This 60s Australian psychadelic pop compilation is groovy with a capital G. The Rickenbackers and Danelectros are out in full force. The booklet sites the origins of the tracks and it has alot of information on the bands, their output and some of the hurdles they encountered.
Most of the tracks here are from singles that made the charts in Australia. That doesn't mean they're slick. They had very few resources to record and get their music out. This made them take an independent DIY approach. The way they filtered the pop music they heard from the northern hemisphere makes their sound authentic. Many of these bands didn't get to release proper albums. You can only wonder how much more they would have done if they had lived in the US or UK.
The Valentines provide the title track with a grand opening full of horns and strings. The vocals are marvelously over the top. The song changes gears as the chorus with lots of great backup singing splashes down '..watching the whole world from a peculiar hole in the sky..' It's interesting how alot of the punk and indie Aussie bands used horns as part of their sound some 20 years later.
The Iguana 'Imagine This' has some nice off kilter pacing. The band steps back leaving some quieter parts for the chorus to build up and the female backup singers provide some Beach Boys like harmonies. The 'doot doots' almost sound like a faster version of the Beatles guitar riff on 'Getting Better.'
The James Taylor Move have their first entry here with the Eastern flavored 'Still I Can Go On.' The sitar and exotic percussion along with some high pitched guitar notes give it a psych pop raga sound. They must have been listening to the maharishi era Beatles for this one. The singing is unadorned with no backup vocals and it fades out.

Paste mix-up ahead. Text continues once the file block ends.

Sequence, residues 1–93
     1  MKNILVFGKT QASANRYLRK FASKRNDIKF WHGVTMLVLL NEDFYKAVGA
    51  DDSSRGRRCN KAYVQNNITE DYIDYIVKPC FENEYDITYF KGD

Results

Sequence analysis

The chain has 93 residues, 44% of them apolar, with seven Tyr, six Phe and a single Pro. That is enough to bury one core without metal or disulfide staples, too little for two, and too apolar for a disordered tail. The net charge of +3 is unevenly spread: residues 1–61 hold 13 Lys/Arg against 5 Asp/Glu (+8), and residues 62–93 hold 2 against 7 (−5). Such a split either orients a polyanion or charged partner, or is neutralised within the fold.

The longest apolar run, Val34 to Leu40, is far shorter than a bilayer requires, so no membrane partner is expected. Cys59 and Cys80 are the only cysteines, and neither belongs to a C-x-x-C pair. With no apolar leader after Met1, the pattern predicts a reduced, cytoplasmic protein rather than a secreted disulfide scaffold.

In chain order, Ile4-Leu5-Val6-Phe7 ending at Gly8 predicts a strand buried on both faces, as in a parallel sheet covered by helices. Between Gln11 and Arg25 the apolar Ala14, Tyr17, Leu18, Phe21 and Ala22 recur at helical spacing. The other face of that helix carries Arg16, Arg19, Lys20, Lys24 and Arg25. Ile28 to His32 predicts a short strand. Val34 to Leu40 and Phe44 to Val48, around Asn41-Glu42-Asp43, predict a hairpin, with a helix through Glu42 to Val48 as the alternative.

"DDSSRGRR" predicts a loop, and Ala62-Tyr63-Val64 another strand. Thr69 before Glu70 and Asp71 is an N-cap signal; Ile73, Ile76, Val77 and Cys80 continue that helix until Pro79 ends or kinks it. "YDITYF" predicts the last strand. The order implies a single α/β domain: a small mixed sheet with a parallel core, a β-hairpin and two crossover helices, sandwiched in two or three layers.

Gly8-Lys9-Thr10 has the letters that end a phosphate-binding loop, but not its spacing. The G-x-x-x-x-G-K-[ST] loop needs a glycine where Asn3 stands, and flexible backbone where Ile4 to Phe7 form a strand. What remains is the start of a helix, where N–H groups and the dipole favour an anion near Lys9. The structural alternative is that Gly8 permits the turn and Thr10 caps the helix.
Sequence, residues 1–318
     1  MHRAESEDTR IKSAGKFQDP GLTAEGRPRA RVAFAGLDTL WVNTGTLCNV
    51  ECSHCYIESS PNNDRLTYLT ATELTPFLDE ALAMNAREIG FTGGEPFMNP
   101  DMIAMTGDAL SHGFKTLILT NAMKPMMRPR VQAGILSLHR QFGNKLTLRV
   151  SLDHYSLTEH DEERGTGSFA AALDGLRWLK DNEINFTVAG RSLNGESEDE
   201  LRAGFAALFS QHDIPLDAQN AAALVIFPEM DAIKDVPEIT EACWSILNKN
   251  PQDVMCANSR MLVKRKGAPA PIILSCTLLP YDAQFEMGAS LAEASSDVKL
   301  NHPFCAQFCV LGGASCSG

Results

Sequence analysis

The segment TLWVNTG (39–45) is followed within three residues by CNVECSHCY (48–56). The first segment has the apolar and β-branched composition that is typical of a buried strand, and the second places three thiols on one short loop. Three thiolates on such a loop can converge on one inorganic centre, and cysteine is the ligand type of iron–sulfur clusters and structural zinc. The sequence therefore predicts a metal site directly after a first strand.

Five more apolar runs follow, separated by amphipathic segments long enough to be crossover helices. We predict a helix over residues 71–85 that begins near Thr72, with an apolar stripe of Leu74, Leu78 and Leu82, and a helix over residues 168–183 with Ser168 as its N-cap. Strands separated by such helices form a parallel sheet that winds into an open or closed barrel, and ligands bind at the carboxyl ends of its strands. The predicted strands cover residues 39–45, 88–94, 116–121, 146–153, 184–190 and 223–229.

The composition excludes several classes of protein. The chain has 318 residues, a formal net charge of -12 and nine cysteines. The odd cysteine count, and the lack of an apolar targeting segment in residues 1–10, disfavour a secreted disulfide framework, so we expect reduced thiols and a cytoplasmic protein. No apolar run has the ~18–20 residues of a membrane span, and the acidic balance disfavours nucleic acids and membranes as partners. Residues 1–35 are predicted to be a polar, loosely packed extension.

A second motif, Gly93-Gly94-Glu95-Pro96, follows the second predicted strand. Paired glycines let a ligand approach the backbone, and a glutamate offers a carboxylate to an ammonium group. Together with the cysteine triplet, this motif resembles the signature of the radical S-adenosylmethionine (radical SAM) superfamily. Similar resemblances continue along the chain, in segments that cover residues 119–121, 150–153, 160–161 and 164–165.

The Bucket 'I Can't Help Thinking of You' has some cool wah wah guitar and nasally vocals that remind me of a less tuneful but still charming Nik Salomon along with some neat non rhyming couplets about the usual theme throughout (girls) 'Come on baby ..let me be a man.. trouble is she won't.. let me be what I want to be..' This is the first trippy sounding number so far.
Normie Rowe 'Going Home' has a feel of the first track, a horns and strings laden opening. He sings almost through clenched teeth, repeating the first two words of each verse for emphasis. Towards the end, the brass and violins make for an eerie soundscape.
'House of Bamboo' by Peter Wright has an organ riff running through it that could be as memorable as that infamous one from Question Mark and the Mysterians '96 Tears.' There is some great fuzzy 60s guitar, some fun wobbly ahh ahhs and a nice drum roll build up for the end.
1863 Establishment 'Gained for a Fall' has a neat tremolo in the singing that sounds like a lower pitched Feargal Sharkey and since it was the 60s, hippy thought '..success it takes too long...' The vocals are a little buried in a mix which has another persistent organ riff and some jangly guitar.
Clapham Junction 'Emily on a Sunday' is sing song 'why don't you ask me to tea.... your parents don't approve of me...' nursery rhyme with some impressive drumming and guitar that crash around the singer. I like the high register harmonies where the band slows down a bit for the chorus only to build up and pick up some speed and nice peak at the end.
King Fox 'Unforgotten Dreams' has a flute running throughout. The singing seems slow for the pace of the music maybe because of the solitude '...The way I feel when you're not here brings a darkness into my life...' As the song progresses, the band goes quiet except for a strong organ riff and as the chorus builds, the guitar nearly doubles up with the singing and slowly follows it. Most of the songs on this compilation aren't much over 3 - 4 minutes. This track could have been a bit shorter because the extended atmospherics don't add much. A little editing would have helped.